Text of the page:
Kevin Hill

Before you get down to waste reduction at your organization, you will need some data to hit the bull’s eye. So, if you don’t have the right information, you’re at a complete loss. A lot of consumers today support organizations with eco-friendly practices. So, the more you discard, the more you’re spending on collecting trash. So, what’s the solution then?

A waste audit is a concrete analysis of what makes up waste. It gives you a grip of the problem, determines possible problems, and lays down the anatomy of your waste competition. A waste audit also helps you determine the waste production to:

  • Create baseline or benchmark data
  • Distinguish and gauge waste streams
  • Identify waste distributions
  • Recognize waste diversion opportunities
  • Discover opportunities to reduce waste source
  • Determining how effective your current waste management systems are
  • Attain information on waste production

A waste audit helps you create baseline data for the amount of trash in your organization and attempts to optimize recycling and waste prevention measures.

 Waste Audit Steps
Before you begin a waste audit, you want to make sure you’ve found the right help and everyone involved is trained for the job. Provide everyone with safety equipment and tetanus shots are mandatory when managing waste material. Once you’ve taken the necessary precautions for everyone’s safety, you and your team are ready to start the audit.

Here are some tips to help you get started with the audit: 

#1: Set up an Idea and Determine the Area of Study
When you plan your audit well, you’re less likely to make mistakes. And if everyone is familiar with the objectives, you will minimize all possible problems. 

#2: Accumulated Waste Should be Examined
Make sure you’re careful when collecting waste from the appointed area of study. If there’s a cleaning staff joining you, they can collect the waste. But you must make sure that you give them clear instructions on the type of waste you require for an audit. A practice audit can be a great exercise for everyone to fully understand the objectives.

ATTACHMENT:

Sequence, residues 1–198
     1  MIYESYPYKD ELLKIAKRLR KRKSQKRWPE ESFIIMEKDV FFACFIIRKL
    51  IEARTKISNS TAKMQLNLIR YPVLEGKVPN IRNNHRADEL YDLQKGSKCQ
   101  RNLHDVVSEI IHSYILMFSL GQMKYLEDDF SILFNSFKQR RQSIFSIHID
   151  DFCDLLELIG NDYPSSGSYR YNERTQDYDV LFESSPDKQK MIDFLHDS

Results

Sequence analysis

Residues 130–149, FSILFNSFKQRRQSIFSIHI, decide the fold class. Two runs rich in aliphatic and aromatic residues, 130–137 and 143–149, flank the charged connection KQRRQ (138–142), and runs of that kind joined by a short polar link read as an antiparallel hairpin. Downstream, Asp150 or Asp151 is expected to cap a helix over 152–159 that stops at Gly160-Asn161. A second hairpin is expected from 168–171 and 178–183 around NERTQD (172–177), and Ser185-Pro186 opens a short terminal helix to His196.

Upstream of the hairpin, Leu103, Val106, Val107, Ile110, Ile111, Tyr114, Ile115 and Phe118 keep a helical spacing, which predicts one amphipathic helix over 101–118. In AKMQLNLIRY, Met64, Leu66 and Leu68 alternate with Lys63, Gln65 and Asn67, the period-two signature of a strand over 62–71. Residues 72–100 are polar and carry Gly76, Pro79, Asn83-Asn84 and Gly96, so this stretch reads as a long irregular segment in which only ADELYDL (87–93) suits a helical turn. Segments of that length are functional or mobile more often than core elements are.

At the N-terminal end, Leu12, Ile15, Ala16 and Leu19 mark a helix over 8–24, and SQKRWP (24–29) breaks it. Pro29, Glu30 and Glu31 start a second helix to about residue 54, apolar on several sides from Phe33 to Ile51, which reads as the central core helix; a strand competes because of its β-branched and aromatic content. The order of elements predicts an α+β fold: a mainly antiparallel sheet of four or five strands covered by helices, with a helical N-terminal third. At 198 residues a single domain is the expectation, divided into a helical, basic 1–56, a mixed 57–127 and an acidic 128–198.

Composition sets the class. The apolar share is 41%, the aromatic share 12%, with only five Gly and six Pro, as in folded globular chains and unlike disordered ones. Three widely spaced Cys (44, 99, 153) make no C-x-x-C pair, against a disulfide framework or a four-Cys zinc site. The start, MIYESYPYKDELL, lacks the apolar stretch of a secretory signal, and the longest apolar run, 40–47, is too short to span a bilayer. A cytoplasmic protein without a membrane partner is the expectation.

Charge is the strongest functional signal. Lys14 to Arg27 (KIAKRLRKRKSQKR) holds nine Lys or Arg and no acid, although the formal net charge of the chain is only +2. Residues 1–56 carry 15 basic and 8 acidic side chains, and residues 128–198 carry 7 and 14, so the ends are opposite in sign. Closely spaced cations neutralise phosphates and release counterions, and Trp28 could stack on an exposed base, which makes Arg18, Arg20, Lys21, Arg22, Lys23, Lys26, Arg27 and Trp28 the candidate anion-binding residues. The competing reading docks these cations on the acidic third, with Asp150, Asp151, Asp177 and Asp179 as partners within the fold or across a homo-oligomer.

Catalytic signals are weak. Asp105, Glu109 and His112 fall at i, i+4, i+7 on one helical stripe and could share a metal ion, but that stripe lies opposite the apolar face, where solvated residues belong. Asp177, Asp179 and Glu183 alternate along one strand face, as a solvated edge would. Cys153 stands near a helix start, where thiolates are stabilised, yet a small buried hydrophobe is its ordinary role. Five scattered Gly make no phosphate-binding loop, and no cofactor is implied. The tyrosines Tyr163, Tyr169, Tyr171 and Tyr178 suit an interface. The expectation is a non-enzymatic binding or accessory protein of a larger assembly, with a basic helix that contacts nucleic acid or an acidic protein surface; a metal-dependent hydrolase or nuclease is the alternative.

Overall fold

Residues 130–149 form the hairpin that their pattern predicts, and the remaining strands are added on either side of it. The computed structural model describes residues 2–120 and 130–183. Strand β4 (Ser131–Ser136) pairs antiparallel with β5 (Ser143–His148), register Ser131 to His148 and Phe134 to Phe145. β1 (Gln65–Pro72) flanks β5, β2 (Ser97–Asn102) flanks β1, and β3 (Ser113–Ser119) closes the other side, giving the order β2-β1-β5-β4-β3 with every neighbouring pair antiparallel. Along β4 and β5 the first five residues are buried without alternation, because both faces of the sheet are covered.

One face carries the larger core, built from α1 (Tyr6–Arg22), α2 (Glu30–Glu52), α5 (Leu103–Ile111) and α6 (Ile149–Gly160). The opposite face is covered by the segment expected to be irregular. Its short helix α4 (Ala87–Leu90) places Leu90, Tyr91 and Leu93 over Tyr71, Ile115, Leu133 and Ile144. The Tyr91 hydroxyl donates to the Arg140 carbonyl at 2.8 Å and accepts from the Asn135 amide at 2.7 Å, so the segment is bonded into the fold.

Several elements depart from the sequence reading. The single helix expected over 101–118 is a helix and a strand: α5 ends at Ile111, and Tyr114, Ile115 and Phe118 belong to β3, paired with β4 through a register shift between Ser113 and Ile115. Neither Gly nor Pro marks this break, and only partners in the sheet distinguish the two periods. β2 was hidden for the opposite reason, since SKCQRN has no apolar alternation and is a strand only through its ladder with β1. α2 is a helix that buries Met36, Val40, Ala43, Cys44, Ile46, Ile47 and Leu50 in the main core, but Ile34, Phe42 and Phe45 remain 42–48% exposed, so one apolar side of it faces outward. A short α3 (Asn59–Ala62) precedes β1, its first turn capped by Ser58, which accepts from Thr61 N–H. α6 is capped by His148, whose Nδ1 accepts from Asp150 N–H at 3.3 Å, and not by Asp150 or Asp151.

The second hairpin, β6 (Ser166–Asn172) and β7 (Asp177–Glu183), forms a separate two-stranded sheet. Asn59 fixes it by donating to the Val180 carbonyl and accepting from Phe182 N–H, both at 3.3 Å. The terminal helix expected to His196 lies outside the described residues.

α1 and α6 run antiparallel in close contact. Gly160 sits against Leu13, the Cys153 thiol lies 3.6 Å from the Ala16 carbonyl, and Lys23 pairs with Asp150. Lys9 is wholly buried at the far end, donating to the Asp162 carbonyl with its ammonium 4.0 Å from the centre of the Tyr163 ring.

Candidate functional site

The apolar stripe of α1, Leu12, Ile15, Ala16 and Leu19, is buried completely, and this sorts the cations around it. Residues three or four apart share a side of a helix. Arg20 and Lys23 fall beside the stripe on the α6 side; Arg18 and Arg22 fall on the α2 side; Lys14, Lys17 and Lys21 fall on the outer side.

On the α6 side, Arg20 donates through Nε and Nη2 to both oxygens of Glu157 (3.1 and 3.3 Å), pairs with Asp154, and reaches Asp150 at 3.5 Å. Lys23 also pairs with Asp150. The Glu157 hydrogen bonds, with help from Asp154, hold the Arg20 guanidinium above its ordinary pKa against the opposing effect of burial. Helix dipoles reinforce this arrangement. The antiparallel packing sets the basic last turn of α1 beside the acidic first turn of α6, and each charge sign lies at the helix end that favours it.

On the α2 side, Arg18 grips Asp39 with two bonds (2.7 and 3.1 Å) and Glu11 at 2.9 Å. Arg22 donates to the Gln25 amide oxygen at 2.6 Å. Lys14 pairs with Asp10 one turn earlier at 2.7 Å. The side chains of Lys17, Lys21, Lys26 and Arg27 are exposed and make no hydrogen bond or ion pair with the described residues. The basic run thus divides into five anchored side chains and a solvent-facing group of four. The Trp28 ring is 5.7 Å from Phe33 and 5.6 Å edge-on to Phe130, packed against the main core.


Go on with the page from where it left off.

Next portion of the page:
#3: Gather all Required Equipment
Before the actual audit begins, you’ll definitely require some tools and equipment to ensure you and your team work efficiently yet stay safe.

  • An open space to sort the trash
  • Rubber gloves for you and your team
  • Face masks for all volunteers
  • Tongs for each volunteer
  • Truck scale to weigh collected waste
  • A bathroom scale to weigh each category
  • Clipboards to record your findings
  • Trash bags to re-assemble your waste

 #4: Categorize the Waste
Once you and your team have collected the waste, it’s important that you categorize it to analyze the types and amounts of waste your company generates.

#5: Examine the Waste Data
Once the audit is accomplished, it’s important that you jot down detailed notes a type of waste that is common across your company, or a trend that needs to be put to an end. While you save space in a landfill, all the recycled material can reduce the susceptibility of air pollution. When landfills are abused, toxic chemicals and gases creep into the air and water. Consciously implementing sustainable waste management and sticking to the above steps will keep your community safe.

Kevin Hill heads up the marketing efforts at Quality Scales Unlimited. Besides his day job, he loves to write about the different types of scales and their importance in various industries. He also writes about how to care for and get optimized performance from different scales in different situations.